Mueller Hinton agar (CM0337B, Oxoid, Thermo Fisher, Basingstoke, UK) and Mueller Hinton broth media (CM0405B, Oxoid), and 2 μg and 10 μg ampicillin containing disks (CT0002B and CT0003B, Oxoid) were obtained for antibacterial activity assays. Escherichia coli ATCC® 25922™ and Staphylococcus aureus ATCC® 29213™ standard strains were used for antibacterial testing.
The evaluation of potential cytotoxicity of SA–Ps scaffolds was performed according to the ISO 10,993 standard (Biological evaluation of medical devices) “Part 5—Tests for in vitro cytotoxicity”, using the extract method and the HFFF2 cell line (human dermal fibroblasts). Cells were cultured in DMEM (Dulbecco′s Modified Eagle′s Medium with 1 g/L glucose, with stable glutamine, with sodium pyruvate, Biowest #L0066) supplemented with penicillin (100 U/mL), streptomycin (100 µg/mL) (Invitrogen, #15140122) and 10% FBS (Fetal Bovine Serum, S. America origin, Biowest, #S1810). Cells were seeded on a 96 well plate at a density of 20k cells/cm2 the day before placing the extracts in contact with cells and were incubated at 37 °C in a 5% CO2 humidified atmosphere incubator (Sanyo MCO-19AIC (UV)).

2.2. Preparation of Solutions

The SA and SA–Ps solutions in different concentrations were prepared. The summary of each solution’s content is given in Table 1. Firstly, the SA polymer solution was dissolved in distilled water and 20 mL of 4.5% (w/v) SA solution was prepared at room temperature.
The SA solution was stirred at 1000 rpm for nearly 4 h to obtain a clear appearance. Secondly, different concentrations of SA–Ps solution were prepared. The different amounts were taken from the prepared 4.5% (w/v) SA solution and liquid Ps extract in various amounts were added dropwise to SA solution. The SA–Ps solutions were prepared as 10%, 20% and 40% (v/v) concentrations of Ps. They were named as: Sample 1 that is pure SA, Sample 2 (10% v/v Ps content), Sample 3 (20% v/v Ps content) and Sample 4 (40% v/v Ps content) respectively. The SA concentration stayed constant as 4.5% (w/v). All solutions’ total volume was 5 mL. This new combination of SA and Ps-incorporated solutions were mixed in a stirrer for 30 min. Then, 1% (w/v) of CaCl2.2H2O was used as a crosslinker.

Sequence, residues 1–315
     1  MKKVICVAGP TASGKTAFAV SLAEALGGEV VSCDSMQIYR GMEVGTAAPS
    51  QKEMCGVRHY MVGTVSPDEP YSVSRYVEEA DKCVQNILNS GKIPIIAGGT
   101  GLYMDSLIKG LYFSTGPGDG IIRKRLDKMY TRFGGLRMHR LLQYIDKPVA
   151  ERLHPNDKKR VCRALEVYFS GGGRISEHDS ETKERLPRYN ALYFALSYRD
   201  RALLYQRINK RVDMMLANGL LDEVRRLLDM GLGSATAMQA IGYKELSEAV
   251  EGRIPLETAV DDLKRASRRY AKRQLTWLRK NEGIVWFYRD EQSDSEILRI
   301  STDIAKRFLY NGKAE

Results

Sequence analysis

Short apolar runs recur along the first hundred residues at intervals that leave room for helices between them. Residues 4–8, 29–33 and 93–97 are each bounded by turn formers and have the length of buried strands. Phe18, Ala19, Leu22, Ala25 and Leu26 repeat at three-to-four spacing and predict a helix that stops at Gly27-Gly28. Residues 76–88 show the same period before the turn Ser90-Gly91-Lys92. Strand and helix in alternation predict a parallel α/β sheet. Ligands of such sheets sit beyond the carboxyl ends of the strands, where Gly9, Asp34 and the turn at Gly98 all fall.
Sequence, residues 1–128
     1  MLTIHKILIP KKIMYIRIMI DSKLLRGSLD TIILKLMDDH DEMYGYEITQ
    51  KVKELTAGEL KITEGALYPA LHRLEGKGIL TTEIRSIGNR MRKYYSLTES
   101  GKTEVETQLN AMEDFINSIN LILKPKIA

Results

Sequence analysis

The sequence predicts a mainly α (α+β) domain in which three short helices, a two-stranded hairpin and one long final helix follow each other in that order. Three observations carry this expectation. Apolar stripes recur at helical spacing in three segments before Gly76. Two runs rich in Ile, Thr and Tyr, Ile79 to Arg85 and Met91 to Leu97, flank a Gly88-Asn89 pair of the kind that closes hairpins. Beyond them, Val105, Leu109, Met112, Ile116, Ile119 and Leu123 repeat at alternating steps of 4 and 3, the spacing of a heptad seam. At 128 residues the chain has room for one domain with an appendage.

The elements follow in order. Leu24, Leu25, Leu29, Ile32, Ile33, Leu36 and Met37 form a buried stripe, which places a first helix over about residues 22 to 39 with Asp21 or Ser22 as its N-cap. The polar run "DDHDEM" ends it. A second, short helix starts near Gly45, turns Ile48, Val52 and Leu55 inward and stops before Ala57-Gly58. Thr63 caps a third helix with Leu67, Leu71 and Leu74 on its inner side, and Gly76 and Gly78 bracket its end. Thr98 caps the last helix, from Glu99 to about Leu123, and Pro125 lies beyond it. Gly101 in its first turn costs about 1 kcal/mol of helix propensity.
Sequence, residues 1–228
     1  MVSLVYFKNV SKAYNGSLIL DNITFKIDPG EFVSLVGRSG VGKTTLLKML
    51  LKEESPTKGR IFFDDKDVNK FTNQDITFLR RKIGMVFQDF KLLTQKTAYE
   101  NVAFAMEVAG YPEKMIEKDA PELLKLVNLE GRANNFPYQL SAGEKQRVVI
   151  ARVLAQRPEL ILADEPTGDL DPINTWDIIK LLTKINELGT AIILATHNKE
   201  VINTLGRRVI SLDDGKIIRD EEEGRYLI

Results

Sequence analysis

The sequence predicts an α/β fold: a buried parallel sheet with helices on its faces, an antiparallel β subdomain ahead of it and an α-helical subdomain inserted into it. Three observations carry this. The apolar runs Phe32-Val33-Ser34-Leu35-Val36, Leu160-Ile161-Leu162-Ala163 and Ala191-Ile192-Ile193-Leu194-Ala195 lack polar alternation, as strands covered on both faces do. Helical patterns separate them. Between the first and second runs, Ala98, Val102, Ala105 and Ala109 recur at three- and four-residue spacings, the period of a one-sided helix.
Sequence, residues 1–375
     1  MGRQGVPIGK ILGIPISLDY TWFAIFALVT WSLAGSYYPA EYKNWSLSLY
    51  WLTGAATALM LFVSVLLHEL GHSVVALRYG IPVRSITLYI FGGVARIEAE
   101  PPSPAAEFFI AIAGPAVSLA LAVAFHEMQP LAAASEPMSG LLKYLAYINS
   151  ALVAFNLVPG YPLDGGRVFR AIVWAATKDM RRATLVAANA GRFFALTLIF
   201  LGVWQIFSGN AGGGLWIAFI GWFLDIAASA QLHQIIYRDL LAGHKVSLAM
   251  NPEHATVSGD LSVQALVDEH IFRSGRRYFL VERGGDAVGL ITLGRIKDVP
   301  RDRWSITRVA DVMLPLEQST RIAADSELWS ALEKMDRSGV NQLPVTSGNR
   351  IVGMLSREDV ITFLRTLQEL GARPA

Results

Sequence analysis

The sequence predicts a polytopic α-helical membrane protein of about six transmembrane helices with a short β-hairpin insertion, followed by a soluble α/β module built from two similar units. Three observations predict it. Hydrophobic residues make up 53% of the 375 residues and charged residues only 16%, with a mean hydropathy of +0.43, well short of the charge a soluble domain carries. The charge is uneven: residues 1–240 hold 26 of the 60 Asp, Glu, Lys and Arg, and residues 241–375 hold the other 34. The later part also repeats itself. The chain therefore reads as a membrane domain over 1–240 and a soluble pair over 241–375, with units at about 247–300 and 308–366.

2.3. Design and 3D Printing of Scaffolds

A schematic drawing of the 3D printing process is shown in Figure 1. The scaffolds were designed as square 20 × 20 × 1 mm3 dimensions with an average porosity ~75% using CAD Software (SolidWorks®.) The roughly drawn scaffold structure was converted into an STL (stereolithography) file that is the required file format for 3D printing and was transferred to Simplify3D® software. The designed scaffolds were printed using a modified extrusion 3D printer (Ultimaker2+, Netherlands) which manipulated from the computer-aided pump part. The digital syringe pump was used to feed the solutions. The nozzle diameter was 0.35 mm. The printing speed was 650 mm/min for control SA scaffolds, however 550 mm/min speed was chosen for Ps-added SA scaffolds. The scaffold layer was 20 for all scaffolds. The infill pattern was rectilinear with 45-degree infill direction. According to prior studies, square pore morphology has a higher compressive strength and higher modulus than other pore morphologies [33]. Therefore, the pattern was chosen as rectilinear and square pore morphology. These parameters were determined as a result of optimization studies.
The prepared Ps-based SA solution was transferred to a 10 mL syringe for 3D printing. Firstly, the coordinates of the syringe were adjusted, and secondly, the glass slide was placed on the table of the 3D printer. After giving the necessary parameters to the program and centering the 3-axis of the printer, SA-based scaffolds were printed. The CaCl2 crosslinker solution was used to consolidate the printed scaffold and for easier removal. The scaffolds were exposed to the CaCl2 for 15 min. After completely drying, the printed material was removed from the glass slide carefully by the help of a lancet blade. During the experiment, the temperature was set at room temperature, but a fan was used to accelerate proper drying.

2.4. Characterizations

2.4.1. Physical Properties Characterization

The density, viscosity and surface tension of the solutions were determined. The densities of control SA and Ps-incorporated SA solutions were determined by using a 10 mL standard pycnometer. The surface tension of the solutions was measured with a force tensiometer (Sigma 703D, Attension, Darmstadt, Germany). The viscosity of solutions was determined by a digital viscometer (DV-E, Brookfield, Middleboro, MA, USA). Each equipment was calibrated before the tests and all samples were tested three times.

2.4.2. Fourier Transform-Infrared Spectroscopy (FT-IR)

Chemical characterization of scaffolds was performed using a Fourier Transform Infrared (FT-IR) Spectrometer (Jasco, FT-IR 4700). The FT-IR spectra of samples were founded at the scanning range of 400 and 4000 cm−1 and a resolution of 4 cm−1.

2.4.3. Scanning Electron Microscopy (SEM)